In linear algebra, the transpose of a matrix is an operator which flips a matrix over its diagonal; that is, it switches the row and column indices of the matrix A by producing another matrix, often denoted by A^{T} (among other notations).^{[1]}
The transpose of a matrix was introduced in 1858 by the British mathematician Arthur Cayley.^{[2]} In the case of a logical matrix representing a binary relation R, the transpose corresponds to the converse relation R^{T}.
The transpose of a matrix A, denoted by A^{T},^{[3]} ^{⊤}A, A^{⊤}, ,^{[4]}^{[5]} A′,^{[6]} A^{tr}, ^{t}A or A^{t}, may be constructed by any one of the following methods:
Formally, the i-th row, j-th column element of A^{T} is the j-th row, i-th column element of A:
If A is an m × n matrix, then A^{T} is an n × m matrix.
In the case of square matrices, A^{T} may also denote the Tth power of the matrix A. For avoiding a possible confusion, many authors use left upperscripts, that is, they denote the transpose as ^{T}A. An advantage of this notation is that no parentheses are needed when exponents are involved: as (^{T}A)^{n} = ^{T}(A^{n}), notation ^{T}A^{n} is not ambiguous.
In this article this confusion is avoided by never using the symbol T as a variable name.
A square matrix whose transpose is equal to itself is called a symmetric matrix; that is, A is symmetric if
A square matrix whose transpose is equal to its negative is called a skew-symmetric matrix; that is, A is skew-symmetric if
A square complex matrix whose transpose is equal to the matrix with every entry replaced by its complex conjugate (denoted here with an overline) is called a Hermitian matrix (equivalent to the matrix being equal to its conjugate transpose); that is, A is Hermitian if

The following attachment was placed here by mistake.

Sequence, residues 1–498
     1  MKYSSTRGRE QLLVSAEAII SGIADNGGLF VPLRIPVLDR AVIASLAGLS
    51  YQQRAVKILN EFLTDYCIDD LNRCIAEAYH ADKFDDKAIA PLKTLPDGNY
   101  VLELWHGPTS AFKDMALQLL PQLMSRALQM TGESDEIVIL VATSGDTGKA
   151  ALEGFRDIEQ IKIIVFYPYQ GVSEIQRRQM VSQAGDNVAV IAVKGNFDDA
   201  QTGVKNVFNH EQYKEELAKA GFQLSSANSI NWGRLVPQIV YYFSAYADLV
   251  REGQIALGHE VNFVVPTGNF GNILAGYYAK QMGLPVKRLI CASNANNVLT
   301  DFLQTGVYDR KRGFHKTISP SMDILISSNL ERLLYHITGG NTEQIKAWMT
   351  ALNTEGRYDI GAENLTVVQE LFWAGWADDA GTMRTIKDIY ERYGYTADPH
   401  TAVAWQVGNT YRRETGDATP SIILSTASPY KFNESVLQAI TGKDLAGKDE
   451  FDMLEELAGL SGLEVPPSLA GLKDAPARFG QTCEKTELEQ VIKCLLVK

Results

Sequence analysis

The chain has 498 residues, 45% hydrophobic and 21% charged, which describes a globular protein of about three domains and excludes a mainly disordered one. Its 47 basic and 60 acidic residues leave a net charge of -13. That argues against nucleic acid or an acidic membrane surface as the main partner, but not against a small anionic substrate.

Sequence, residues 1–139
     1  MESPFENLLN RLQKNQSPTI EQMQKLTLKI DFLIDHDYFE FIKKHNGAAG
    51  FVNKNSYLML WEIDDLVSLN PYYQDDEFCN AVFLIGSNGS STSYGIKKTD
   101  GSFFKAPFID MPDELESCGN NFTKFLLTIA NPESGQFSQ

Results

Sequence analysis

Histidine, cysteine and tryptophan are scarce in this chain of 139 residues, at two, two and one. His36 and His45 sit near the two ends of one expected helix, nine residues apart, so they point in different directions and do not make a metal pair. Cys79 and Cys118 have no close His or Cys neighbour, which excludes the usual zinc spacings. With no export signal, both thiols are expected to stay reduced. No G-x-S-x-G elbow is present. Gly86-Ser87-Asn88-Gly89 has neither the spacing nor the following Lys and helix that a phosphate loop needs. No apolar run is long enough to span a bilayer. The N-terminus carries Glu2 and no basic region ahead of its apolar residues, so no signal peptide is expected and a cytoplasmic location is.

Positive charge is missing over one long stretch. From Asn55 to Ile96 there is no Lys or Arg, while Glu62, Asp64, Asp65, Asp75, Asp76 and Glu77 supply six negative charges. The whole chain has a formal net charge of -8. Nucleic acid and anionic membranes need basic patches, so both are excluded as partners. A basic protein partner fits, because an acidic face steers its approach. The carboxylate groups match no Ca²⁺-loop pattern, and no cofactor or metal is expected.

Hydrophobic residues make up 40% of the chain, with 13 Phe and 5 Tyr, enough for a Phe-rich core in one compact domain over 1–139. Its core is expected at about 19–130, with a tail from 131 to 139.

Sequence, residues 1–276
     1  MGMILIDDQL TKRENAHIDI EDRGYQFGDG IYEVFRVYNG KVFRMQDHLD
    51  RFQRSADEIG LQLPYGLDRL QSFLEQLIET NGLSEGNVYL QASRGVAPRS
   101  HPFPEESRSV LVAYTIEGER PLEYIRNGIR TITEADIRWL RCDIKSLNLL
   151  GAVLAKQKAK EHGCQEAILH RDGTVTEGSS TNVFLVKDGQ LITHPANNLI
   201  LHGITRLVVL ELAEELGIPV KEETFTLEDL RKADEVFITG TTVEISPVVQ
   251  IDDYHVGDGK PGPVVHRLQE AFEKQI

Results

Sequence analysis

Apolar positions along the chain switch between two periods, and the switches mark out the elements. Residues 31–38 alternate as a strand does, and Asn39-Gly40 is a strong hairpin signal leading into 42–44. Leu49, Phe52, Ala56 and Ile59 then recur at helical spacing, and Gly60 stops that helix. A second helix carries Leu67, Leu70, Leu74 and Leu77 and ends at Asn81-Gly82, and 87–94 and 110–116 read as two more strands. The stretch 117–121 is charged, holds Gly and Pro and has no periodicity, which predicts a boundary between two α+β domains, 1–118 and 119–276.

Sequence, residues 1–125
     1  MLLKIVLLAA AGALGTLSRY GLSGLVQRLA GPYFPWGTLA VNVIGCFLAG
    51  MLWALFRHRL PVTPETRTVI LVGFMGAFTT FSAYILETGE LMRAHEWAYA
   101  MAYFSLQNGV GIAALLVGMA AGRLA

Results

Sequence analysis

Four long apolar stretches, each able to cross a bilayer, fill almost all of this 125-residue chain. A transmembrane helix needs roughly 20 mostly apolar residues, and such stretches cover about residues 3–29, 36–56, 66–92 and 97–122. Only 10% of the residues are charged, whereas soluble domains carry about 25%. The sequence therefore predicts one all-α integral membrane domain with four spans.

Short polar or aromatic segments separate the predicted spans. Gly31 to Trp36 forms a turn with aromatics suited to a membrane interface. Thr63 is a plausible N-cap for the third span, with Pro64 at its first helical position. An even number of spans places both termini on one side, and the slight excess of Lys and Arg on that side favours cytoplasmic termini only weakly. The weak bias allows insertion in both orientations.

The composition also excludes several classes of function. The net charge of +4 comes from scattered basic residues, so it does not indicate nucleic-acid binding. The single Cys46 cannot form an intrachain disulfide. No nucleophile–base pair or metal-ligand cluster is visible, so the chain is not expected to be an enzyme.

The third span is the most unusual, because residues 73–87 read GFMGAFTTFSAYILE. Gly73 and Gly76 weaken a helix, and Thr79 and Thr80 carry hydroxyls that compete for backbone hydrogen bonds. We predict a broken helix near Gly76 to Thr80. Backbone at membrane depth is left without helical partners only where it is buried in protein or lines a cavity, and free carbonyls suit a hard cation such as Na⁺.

A square complex matrix whose transpose is equal to the negation of its complex conjugate is called a skew-Hermitian matrix; that is, A is skew-Hermitian if
A square matrix whose transpose is equal to its inverse is called an orthogonal matrix; that is, A is orthogonal if
A square complex matrix whose transpose is equal to its conjugate inverse is called a unitary matrix; that is, A is unitary if
Let A and B be matrices and c be a scalar.
If A is an m × n matrix and A^{T} is its transpose, then the result of matrix multiplication with these two matrices gives two square matrices: A A^{T} is m × m and A^{T} A is n × n. Furthermore, these products are symmetric matrices. Indeed, the matrix product A A^{T} has entries that are the inner product of a row of A with a column of A^{T}. But the columns of A^{T} are the rows of A, so the entry corresponds to the inner product of two rows of A. If p_{i j} is the entry of the product, it is obtained from rows i and j in A. The entry p_{j i} is also obtained from these rows, thus p_{i j} = p_{j i}, and the product matrix (p_{i j}) is symmetric. Similarly, the product A^{T} A is a symmetric matrix.
A quick proof of the symmetry of A A^{T} results from the fact that it is its own transpose:
On a computer, one can often avoid explicitly transposing a matrix in memory by simply accessing the same data in a different order. For example, software libraries for linear algebra, such as BLAS, typically provide options to specify that certain matrices are to be interpreted in transposed order to avoid the necessity of data movement.
However, there remain a number of circumstances in which it is necessary or desirable to physically reorder a matrix in memory to its transposed ordering. For example, with a matrix stored in row-major order, the rows of the matrix are contiguous in memory and the columns are discontiguous. If repeated operations need to be performed on the columns, for example in a fast Fourier transform algorithm, transposing the matrix in memory (to make the columns contiguous) may improve performance by increasing memory locality.